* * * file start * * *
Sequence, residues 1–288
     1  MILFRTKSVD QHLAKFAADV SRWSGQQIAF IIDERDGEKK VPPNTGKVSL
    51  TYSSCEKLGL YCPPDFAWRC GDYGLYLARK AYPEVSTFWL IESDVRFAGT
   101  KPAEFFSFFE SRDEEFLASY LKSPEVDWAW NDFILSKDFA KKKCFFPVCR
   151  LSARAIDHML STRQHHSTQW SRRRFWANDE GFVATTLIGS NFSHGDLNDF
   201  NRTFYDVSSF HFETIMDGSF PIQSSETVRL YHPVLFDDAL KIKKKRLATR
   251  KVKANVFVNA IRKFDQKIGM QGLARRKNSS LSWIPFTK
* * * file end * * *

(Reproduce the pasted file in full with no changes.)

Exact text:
Sequence, residues 1–288
     1  MILFRTKSVD QHLAKFAADV SRWSGQQIAF IIDERDGEKK VPPNTGKVSL
    51  TYSSCEKLGL YCPPDFAWRC GDYGLYLARK AYPEVSTFWL IESDVRFAGT
   101  KPAEFFSFFE SRDEEFLASY LKSPEVDWAW NDFILSKDFA KKKCFFPVCR
   151  LSARAIDHML STRQHHSTQW SRRRFWANDE GFVATTLIGS NFSHGDLNDF
   201  NRTFYDVSSF HFETIMDGSF PIQSSETVRL YHPVLFDDAL KIKKKRLATR
   251  KVKANVFVNA IRKFDQKIGM QGLARRKNSS LSWIPFTK